And then another problem came up, one that would worsen as time went on. Remember I said that the fast growing cells all along the digestive tract are affected by chemo? It was true of the beginning (the mouth), and then it became a problem on the other end. This one is trickier to talk about, so I’m going to have to be fairly blunt. (For those of you who got emails from me about this time, you’ll note I left this issue out, or was much more oblique about it). It became painful to go to the bathroom. Apparently sores and sore areas started forming there as well. Bathroom activities became a real painful chore. There was some medication that did help some, a xylocaine-based ointment, but not nearly enough.
Along with this were the changes from my normal life, even the simplest things. I still had the pick line going into my chest which required specialized cleaning that Sam would do. (Fortunately for me, Sam was working as an ICU nurse, so he had lots of experience at this.) Also, the line had to be covered up with plastic and tape to take a shower.
Beyond all this, I obviously wasn’t working. Sam, in conjunction with my sister from New Orleans, worked with my manager Emily to get me on a disability status. Fortunately I had good short-term disability status, so not only was I able to get on it fairly quickly and easily, the finances were taken care of. Before I started feeling poorly, I had worked on one work assignment, a risk management newsletter. I did as much as I could but sent the outline I had on to the editor (Peggy Cwik, who I’ve introduced to you previously as one of the “people for whom I run”). It was published, and it looked good. But I wasn’t working by the time I got home, so I mostly felt poorly and watched TV. I remember watching a lot of cooking shows. If you can’t eat, watching food is a good substitute. Besides, it was either that or judge shows. I became a devotee of “Law & Order” at that time as well.
The toll of all this, plus the constant fear of infection, took its toll on both Sam and myself. Sam, bless his heart, had it really tough during this time, and my anxiety and grief over the significant changes in my life didn’t help. Sam had to take care of all the household duties, watch me carefully, and keep his full time job with a frequently unsupportive boss. It was a lot to ask, but he did it all. We both watched my temperature, taking it frequently, almost obsessively. He did encourage me to start anti-depressants and to start on medication to help me rest. I hadn’t taken pills much in my whole life. Now, with the multiple pills for ATRA, pain medication, and psych meds, I was a walking pharmacy. I wish I could say it all helped. But there was a lot going on.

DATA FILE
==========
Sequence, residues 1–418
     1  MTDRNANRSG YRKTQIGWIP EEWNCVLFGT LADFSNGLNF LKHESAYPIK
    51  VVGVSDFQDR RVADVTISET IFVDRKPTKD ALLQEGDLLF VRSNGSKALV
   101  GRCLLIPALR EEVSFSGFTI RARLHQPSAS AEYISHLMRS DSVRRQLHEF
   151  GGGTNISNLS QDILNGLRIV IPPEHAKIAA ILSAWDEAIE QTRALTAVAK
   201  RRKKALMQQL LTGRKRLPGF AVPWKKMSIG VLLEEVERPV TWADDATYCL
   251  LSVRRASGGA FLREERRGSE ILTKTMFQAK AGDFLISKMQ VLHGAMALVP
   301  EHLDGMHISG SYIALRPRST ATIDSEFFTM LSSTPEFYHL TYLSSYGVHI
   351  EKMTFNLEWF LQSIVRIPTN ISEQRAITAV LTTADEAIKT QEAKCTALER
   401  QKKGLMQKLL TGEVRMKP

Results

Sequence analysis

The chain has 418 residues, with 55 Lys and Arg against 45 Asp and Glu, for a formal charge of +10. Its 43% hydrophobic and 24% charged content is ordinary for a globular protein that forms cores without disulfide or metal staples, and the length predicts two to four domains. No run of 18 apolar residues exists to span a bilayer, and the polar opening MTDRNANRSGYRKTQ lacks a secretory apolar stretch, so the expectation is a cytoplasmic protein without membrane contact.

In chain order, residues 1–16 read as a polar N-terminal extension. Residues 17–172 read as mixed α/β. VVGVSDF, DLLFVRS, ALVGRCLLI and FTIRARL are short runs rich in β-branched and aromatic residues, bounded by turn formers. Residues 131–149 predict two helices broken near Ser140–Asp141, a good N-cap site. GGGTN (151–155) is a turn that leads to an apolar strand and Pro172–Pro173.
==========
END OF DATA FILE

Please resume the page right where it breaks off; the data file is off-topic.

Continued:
One thing that did help was my brother Bruce, who came out from Texas to visit and to help out. Bruce is a great guy, and was able to do what he could to clean and cook. But just him taking the time and effort to get out there was invaluable for me.
Unfortunately, both Bruce’s visit and my time at home came to an end. Sure enough, as expected, after a few days at home, I finally spiked a fever. About the time this occurred, he was called home for another emergency. But he was there at an important transitional time for me. I appreciated it.
But, with the increased fever, I went back to Stanford Hematology unit to start antibiotics.
Having spent the holidays 2001 in the hospital, having lines inserted, beginning chemotherapy and ATRA, coming to grips with all the physical and emotional changes, the first few days of 2002 were seemingly uneventful.
The biggest change was the beginning of the effects of the chemo that were promised. Remember the caution about mouth sores, and the mouth-cleaning regimen I started several times a day? The mouth sores did come. I can’t remember exactly what they were or what they looked like, but I do remember having a sore throat, and ulcer-like lesions in the mouth. At this stage I didn’t get nauseous or have other gastric problems, but I do recall wanting softer food as time went on, and it becoming more difficult to speak.
You’d think that with the onset of some of the side effects of the chemo and the potential for infection that you’d stay in the hospital. However, after a few days into the New Year my doctors informed me that I was to be discharged. I would get antibiotics on an outpatient basis in the hematology clinic. If you think I got an earful about being careful about anything that could cause infections while in the hospital, just wait. I got a huge 3-inch thick 3-ring binder on anything and everything that can cause infections at home, and things to stay away from. Among them included:
Houseplants and gardening. The dirt has bugs.
- Fresh food of any kind. Anything not processed, canned, pasteurized, or otherwise denuded has bugs.
- Outside air. Anytime I was to go outside I was to wear a mask with a HEPA filter, which supposedly filters out most of the bugs. It was encouraged to mostly stay indoors with the indoor bugs rather than the outdoor bugs. Besides, wearing it made me look like those guys who clean up after industrial spills.